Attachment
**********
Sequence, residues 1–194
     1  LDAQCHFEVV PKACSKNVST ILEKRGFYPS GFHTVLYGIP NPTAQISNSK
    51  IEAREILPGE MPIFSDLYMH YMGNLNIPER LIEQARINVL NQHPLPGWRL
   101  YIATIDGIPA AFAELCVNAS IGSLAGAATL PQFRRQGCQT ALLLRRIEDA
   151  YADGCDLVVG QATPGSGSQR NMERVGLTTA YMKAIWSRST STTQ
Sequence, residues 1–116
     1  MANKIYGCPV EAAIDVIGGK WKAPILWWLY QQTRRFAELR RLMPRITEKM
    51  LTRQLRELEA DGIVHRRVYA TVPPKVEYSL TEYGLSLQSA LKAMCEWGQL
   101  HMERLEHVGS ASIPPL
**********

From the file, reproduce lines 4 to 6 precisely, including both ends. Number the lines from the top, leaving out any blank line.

   101  YIATIDGIPA AFAELCVNAS IGSLAGAATL PQFRRQGCQT ALLLRRIEDA
   151  YADGCDLVVG QATPGSGSQR NMERVGLTTA YMKAIWSRST STTQ
Sequence, residues 1–116